Ohio is rich with American history. It was the first free state formed from the Northwest Territory and home to the first private historically black college or university (HBCU), Wilberforce University. It’s also the birthplace of presidents, astronauts, inventors, and writers, all of whom helped define American excellence. Many of these Ohio heroes were African Americans who fought tirelessly for equity and justice.
As we celebrate Black History Month in Ohio, there are many places around our state where you can experience the stories of these amazing people. From historic homes to museums, there’s lots to see not just in February, but throughout the year. Often these museums are operated by volunteers, so you’ll want to call before you visit.
Let’s start with the National Afro-American Museum and Cultural Center in Wilberforce. NAAMCC, which is part of the Ohio History Connection’s historic site system, is the home of one of the nation’s largest African American archives and collections. Items include Alex Haley’s final draft of Roots, Alphonso Woodall’s Carnegie Hero Medal, and an unparalleled collection of works from the Black Arts Movement. The museum also offers arts and educational programming monthly.
The Charles Young Buffalo Soldiers National Monument is less than two miles from NAAMCC, and it’s a National Park Service site. Colonel Charles Young was the third African American to graduate from West Point and the first to become a national park superintendent, a military attaché, and a colonel, making him the highest-ranking Black officer in the U.S. Army until his death in 1922. His legacy lives on today at this national monument..
The Funk Music Hall of Fame & Exhibition Center in Dayton was dubbed the “Land of Funk,” for a reason. This new museum preserves the legend of funk music in the Gem City through a collection of memorabilia and interactive activities.
Learn about the life of internationally-acclaimed poet Paul Laurence Dunbar at his house in Dayton. Dunbar gained worldwide fame for his poetry, stories and plays in the early 20th century and was a voice for equality. In 1936, the Ohio General Assembly dedicated the house as the very first state memorial honoring African-American history.
Explore Ohio’s connection to the Underground Railroad at the newly-restored John Rankin House in Ripley. The Rev. John Rankin was an ardent abolitionist who assisted the enslaved on their paths to freedom. At this National Historic Landmark, you can step inside one of the best-documented and most active Underground Railroad “stations” in Ohio. This Ohio History Connection site is open from April until October.
The John Parker House is the former home of African-American abolitionist John Parker. He escaped slavery to become a successful inventor and businessman in Ripley before the Civil War. Parker is credited with assisting hundreds of enslaved people to freedom through this Front Street home.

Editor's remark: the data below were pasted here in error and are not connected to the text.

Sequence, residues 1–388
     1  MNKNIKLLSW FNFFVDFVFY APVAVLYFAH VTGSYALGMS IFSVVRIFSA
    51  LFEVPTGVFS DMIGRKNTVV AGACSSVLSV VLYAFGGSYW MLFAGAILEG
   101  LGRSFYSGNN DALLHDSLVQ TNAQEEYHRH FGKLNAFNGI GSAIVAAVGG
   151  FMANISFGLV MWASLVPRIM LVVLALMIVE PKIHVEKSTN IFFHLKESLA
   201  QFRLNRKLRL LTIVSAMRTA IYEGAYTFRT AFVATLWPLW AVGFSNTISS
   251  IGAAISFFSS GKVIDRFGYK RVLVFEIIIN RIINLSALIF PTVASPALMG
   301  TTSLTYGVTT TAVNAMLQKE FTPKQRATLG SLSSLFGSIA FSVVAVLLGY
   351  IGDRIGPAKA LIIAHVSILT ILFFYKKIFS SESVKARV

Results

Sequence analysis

The John Mercer Langston Historic House– is a National Historic Landmark in Oberlin. It was home to John Mercer Langston, an attorney, abolitionist, diplomat, US Congressman and college president. As the town clerk in Oberlin, Langston was one of the first African-Americans elected to public office in the United States.
Visit the Harriet Beecher Stowe House in Cincinnati and discover the place where this famous author spent her formative years. Stowe was an abolitionist and women’s rights advocate and wrote Uncle Tom’s Cabin, the popular 19th century novel credited with laying the groundwork for the Civil War.
The National Underground Railroad Freedom Center in Cincinnati immerses visitors into the stories of the Underground Railroad. The mission of the museum is to reveal stories of heroes from the era of the Underground Railroad to contemporary times, challenging and inspiring us to fight for human rights today.
The Martin Luther King Jr. Performing and Cultural Arts Complex– in Columbus connects the community through the arts. The Elijah Pierce Gallery presents a wide range of historical and contemporary exhibitions that include painting, sculpture, graphics, photography, and decorative arts. The main gallery is named in honor of the late Elijah Pierce, America’s foremost wood carver of 20th century folk art. They also offer an award-winning youth arts program and was named “Best Community Art Center” by Columbus Parent Magazine.
This is just a small sampling of the many Black historic and cultural institutions within a few hours of where you live. There are African-American art museums, galleries, and community centers on college and university campuses as well. We invite you explore Ohio to learn more about the contributions and accomplishments of African Americans—known and unknown—around our beautiful state.
For more history, Find It Here at Ohio.org.
Jerolyn Barbee, Assistant Director, National Afro-American Museum and Cultural Center
Hadley Drodge, Assistant Curator, National Afro-American Museum and Cultural Center